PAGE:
Voices Supporting Higher Standards

Thursday, September 19, 2013Printer-friendly version

Opponents of the Common Core have stepped up their efforts to spread misinformation about what the standards entail, the development of the standards and the supposed political implications of standards adoption and implementation. Education Stakeholders across the nation are combating these untruths with the facts and realities of why the standards are so crucial to student success. Here is what they have to say in their own words.

Don't be afraid of the Common Core Standards

By Vincent Genareo, The Grand Forks Herald (ND) September 11, 2013

"The standards are not scary.

"Instead, they simply are national K-12 standards in math and language arts, and they're designed to provide some clarity and continuity across grade levels and promote college and career readiness.

"They were developed so that teachers of all ages can build upon prior knowledge and work toward achieving long-term graduation goals.

"And something happened that rarely happens in education: Teachers were involved in the standards' decision-making processes. Imagine that! "The population influx from the oil boom is bringing children to North Dakota's school systems from across the country, and many of them are academically behind their peers. The goal of the Common Core Standards is that soon, students will be able move to or away from North Dakota without having to cope with a vastly different curriculum level in math or language arts (the way I had to do in sixth grade.) "Having some basic national standards is good for students, good for teachers and good for our state."

Common Core detractors misinformed

By Ron Eachus, The Statesman Journal (OR) September 10, 2013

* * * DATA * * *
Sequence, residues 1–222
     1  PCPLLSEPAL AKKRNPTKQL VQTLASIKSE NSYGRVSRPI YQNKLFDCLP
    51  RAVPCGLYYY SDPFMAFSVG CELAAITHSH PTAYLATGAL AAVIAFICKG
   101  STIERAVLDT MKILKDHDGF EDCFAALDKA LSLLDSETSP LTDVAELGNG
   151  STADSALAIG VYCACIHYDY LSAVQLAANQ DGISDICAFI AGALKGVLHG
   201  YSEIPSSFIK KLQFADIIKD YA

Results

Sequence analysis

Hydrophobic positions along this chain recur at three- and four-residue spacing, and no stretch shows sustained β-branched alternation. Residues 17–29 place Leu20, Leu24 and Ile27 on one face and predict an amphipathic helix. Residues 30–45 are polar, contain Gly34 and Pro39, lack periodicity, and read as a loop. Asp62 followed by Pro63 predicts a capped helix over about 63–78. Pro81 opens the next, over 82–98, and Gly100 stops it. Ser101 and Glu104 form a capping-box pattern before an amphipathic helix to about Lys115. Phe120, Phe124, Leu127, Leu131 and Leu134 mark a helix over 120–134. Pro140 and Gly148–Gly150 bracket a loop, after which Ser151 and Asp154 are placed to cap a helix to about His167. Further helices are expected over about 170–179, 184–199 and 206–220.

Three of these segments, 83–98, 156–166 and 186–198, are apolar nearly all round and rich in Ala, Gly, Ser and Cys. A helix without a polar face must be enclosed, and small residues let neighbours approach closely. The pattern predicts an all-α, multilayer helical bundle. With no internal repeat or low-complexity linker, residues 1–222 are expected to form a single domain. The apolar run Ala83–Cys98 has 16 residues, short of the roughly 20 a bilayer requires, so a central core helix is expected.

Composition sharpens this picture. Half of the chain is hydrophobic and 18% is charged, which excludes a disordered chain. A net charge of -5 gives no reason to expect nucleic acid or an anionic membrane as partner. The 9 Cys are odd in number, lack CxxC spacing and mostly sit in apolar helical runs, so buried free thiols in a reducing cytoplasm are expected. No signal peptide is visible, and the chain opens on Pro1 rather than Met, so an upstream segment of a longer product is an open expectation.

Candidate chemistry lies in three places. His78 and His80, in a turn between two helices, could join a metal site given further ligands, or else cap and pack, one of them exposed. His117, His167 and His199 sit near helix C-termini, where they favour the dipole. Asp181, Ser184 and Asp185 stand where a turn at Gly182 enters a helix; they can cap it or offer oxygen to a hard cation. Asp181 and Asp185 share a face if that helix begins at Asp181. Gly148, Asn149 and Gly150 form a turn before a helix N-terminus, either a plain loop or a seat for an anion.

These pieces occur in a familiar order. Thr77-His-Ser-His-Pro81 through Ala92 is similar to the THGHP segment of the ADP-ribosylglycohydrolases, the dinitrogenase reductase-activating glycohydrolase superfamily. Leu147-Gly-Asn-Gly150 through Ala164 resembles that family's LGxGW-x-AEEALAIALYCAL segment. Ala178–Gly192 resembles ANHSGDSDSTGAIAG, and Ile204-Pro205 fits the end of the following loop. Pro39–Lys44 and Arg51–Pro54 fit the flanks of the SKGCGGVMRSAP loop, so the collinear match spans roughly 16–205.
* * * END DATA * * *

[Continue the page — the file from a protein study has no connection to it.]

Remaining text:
"This lack of awareness is ready made for the tea partiers to fill the void with misinformation and inflammatory rhetoric, calling the new, higher standards, "ObamaCore" and railing against a federal takeover of local public schools.

"Yet Common Core had its roots in state governorships and school officials and state participation is voluntary; they can adopt their own standards if they wish. And the standards weren't written or approved by the federal government. They were written by researchers and academic experts and vetted by teacher organizations, public school officials and other education academicians.

"Standards, assessment and teaching techniques are debatable wars without end in the education community. But the tenor of these debates is quite different than that of the tea party activists who have managed to make rejection of these higher standards another test of Republican purity.

"Not all Republicans, of course, oppose Common Core. Former Florida Gov. Jeb Bush defends them and New Jersey Gov. Chris Christie calls the tea party opposition a "knee-jerk" reaction to Obama's support."

Cut to the Core: Distinguishing Common Core Myth from Reality

By Charlie Harper, CL Atlanta August 29, 2013

"The opposition toward Common Core has swelled this year as some movement conservatives decided to wage war against the national standards. Glenn Beck appears to have originated the hard right's stance by labeling Common Core as an indoctrination "with extreme leftist ideology." The message spread, often through different social media networks, and contained misinformation and incomplete facts rather than objective analysis or critique.

"The tests would have been administered using computers, minimizing the chances for widespread tampering like what happened with Atlanta Public Schools' cheating scandal four years ago. With an automated test, both parents and teachers would receive real-time feedback multiple times each year. The assessment avoids multiple-choice questions, and according to supporters, is better able to evaluate individual students rather than a grade midpoint. In short, there could have been a vast improvement from the mind-numbing bubble sheet tests where results return too late for the teachers to react to, or even care about, the results.

"Georgia must focus on competing for more employers who can bring 21st-century jobs to the state. To attract these employers, we must work toward improving our long-suffering public school rankings. This battle isn't about short-term political maneuvering. It's about the next generation of Georgia's students, and in a larger sense, the companies who will or won't employ them in the years to come."


Achieve has developed materials to help states, districts, and others understand the organization and content of the standards and the content and evidence base used to support the standards. Visit www.achieve.org/achieving-common-core. If you find a news clip supportive of the Common Core, please send it to Chad Colby at ccolby@achieve.org.

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